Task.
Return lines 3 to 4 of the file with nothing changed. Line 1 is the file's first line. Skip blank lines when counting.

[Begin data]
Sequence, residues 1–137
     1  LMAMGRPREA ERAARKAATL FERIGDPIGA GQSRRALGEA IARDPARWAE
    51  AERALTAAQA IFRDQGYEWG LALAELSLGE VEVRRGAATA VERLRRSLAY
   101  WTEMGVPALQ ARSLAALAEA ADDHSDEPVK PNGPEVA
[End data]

    51  AERALTAAQA IFRDQGYEWG LALAELSLGE VEVRRGAATA VERLRRSLAY
   101  WTEMGVPALQ ARSLAALAEA ADDHSDEPVK PNGPEVA